By Amulya Ganguli
Behind the defeat of the Left in Tripura lies the failure of the communists to realize that capitalism is no longer regarded by the ordinary people as an ogre as envisaged by Marx when he said that “capital comes into the world soiled with mire from top to toe and oozing blood from every pore”.
This gory perception may have prevailed in the time of the German philosopher, but as the recent business conclaves organized by various state governments show, such a view no longer exists. Instead, there is a race among the governments to persuade the industrialists to invest in the states. The objective obviously is the setting up of employment-generating units to alleviate the problem of joblessness.
Perhaps the only communist to pursue this investor-friendly path was the former West Bengal chief minister, Buddhadeb Bhattacharjee, when he invited the Tatas and others to set up industries in the state. It is another matter that he went about it in the wrong way, perhaps out of inexperience in the matter of dealing with a class enemy-turned-friend.
Had he not allocated prime agricultural land to the Tatas because of its proximity to Kolkata, thereby giving an opportunity to Mamata Banerjee to pose as a saviour of farmers, the story of communism in West Bengal might have been different.
Even then, Bhattacharjee has to be credited with overturning the policy which the communists pursued in the 1960s which led to the flight of capital from the state and gave the word, gherao, to the English language, as Bhattacharjee pointed out.
Manik Sarkar, however, remained largely indifferent to what was happening in West Bengal. Although he did refer to Tripura’s industrial potential in the fields of rubber, bamboo, natural gas and agro- and horticultural products and promised cent per cent reimbursement for five years for the expenditure incurred by small and medium enterprises on account of ESI and employees provident fund schemes, few will claim that investors made a beeline for the state. Had they done so, Narendra Modi’s development plank would not have enthused the younger generation.
What the communists will have to realize, therefore, is that the concept of economism cannot be derided, as Lenin did, as a quest for higher wages at the expense of a revolutionary struggle for overthrowing capitalism, and has to be accepted instead as a natural aspiration of the generally ideologically-neutral young people.
As long as the young believe that their ambitions can be fulfilled during a period of high growth, the ruling dispensation is safely ensconced in power, as the Manmohan Singh government was between 2005-06 and 2011-12 when the country saw the steepest decline in poverty levels, as the present government’s chief economic adviser, Arvind Subramanian, has said.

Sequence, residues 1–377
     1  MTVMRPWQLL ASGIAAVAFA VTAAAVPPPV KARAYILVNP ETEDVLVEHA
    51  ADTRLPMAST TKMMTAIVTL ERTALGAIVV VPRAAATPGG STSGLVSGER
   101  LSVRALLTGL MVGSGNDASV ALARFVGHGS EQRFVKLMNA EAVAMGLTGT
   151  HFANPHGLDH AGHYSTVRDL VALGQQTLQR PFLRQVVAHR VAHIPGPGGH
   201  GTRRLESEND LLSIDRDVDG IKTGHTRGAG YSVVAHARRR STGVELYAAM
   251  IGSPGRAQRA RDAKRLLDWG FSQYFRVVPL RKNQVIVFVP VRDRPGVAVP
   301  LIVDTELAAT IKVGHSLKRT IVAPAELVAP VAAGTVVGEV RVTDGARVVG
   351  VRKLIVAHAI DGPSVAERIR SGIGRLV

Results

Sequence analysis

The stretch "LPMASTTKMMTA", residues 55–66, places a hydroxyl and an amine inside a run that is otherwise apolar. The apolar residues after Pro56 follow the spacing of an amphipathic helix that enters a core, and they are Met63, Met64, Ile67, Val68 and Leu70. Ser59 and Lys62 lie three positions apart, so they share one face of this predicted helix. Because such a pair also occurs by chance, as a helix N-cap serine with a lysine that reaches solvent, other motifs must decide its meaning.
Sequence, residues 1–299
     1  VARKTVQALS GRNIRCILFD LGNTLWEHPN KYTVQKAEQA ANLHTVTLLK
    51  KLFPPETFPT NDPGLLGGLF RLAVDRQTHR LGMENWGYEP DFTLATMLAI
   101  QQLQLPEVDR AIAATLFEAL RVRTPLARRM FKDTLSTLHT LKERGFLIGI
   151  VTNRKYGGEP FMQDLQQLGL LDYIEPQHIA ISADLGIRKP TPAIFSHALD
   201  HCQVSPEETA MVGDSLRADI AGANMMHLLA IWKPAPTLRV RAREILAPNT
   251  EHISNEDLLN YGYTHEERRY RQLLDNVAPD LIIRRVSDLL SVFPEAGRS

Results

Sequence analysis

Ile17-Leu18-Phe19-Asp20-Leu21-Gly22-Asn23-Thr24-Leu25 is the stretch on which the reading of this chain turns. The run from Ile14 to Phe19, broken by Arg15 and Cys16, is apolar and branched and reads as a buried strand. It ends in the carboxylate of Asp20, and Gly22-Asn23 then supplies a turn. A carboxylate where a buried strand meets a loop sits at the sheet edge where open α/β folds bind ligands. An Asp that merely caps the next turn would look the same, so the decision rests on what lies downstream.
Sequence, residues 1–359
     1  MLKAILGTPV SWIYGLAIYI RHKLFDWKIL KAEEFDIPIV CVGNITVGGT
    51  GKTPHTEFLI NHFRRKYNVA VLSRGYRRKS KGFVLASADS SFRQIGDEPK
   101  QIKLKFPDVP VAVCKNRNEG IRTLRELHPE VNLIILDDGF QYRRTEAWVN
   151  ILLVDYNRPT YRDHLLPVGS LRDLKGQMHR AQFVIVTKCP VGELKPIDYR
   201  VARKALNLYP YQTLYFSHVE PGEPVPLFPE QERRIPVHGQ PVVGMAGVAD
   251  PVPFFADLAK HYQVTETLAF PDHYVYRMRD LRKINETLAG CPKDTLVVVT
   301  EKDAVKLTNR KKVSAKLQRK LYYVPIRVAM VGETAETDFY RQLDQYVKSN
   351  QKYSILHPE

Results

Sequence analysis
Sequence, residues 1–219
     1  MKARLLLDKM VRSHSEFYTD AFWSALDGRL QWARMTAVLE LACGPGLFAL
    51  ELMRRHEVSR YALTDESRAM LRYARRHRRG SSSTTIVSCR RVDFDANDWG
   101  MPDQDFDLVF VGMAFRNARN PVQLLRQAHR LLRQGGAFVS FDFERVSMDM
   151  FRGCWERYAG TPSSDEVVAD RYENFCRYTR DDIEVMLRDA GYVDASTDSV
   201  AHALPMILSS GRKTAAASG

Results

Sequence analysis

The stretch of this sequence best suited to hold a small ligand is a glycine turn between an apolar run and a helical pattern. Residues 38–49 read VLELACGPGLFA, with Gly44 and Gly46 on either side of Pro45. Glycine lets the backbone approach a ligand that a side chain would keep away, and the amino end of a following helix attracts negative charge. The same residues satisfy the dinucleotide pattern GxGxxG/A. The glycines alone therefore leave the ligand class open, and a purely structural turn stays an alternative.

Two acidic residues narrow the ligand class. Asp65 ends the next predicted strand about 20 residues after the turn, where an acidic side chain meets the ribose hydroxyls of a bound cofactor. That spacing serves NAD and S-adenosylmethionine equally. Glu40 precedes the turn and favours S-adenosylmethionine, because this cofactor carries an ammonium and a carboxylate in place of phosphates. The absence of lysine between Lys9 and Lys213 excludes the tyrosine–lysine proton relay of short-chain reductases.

It was only when the Left-leaning National Advisory Council under Sonia Gandhi compelled the government to turn its attention to populist policies, leading to a reduction in the growth rate that the ground was prepared for the Congress’s defeat in 2014.
Modi was one of the few leaders at the time to note the aspirational urges of young people and their eagerness to be self-employed rather than be dependent on official doles and subsidies. It is this promise of helping the people to stand on their own feet which is behind his electoral victories, of which Tripura is the latest example.
To counter him, both the Left and its partner at the Centre between 2004 and 2008, the Congress, will have to focus on an economic programme based on growth and investment. There is little doubt that both the domestic and foreign private sector will have to play a major role in this regard.
The Left, therefore, will have to overcome its aversion towards foreign capital as well as the local industrialists and embrace what it castigates as neo-liberal policies as China has done. Otherwise, its decline and fall will continue.
Such an ideological somersault may not be easy to carry out. But it is unavoidable if the comrades do not want to find themselves in the dustbin of history, another of their favourite phrases which was usually directed at their enemies.
A U-turn in the economic field is not the only manoeuvre which is currently necessary for the Left. The communists will also have to think in terms of constituting a broad-based anti-BJP alliance which cannot but include the Congress, still the largest and the most credible ideological opponent of the Hindu fundamentalists.
Although the CPI is in favour of such a front, a section of the CPI(M) is against it. That these nay-sayers mostly belong to Kerala is not surprising because their political instincts have been shaped by decades of opposition to the Congress in the southern state. Besides, the BJP is very much a marginal force in Kerala.
The scene, however, is different at the national level where the BJP poses the main challenge. The Left, therefore, will have to come to terms with this specific political reality even if it is ideologically disquieting, as in the economic field, and formulate its policies accordingly. (IPA Service)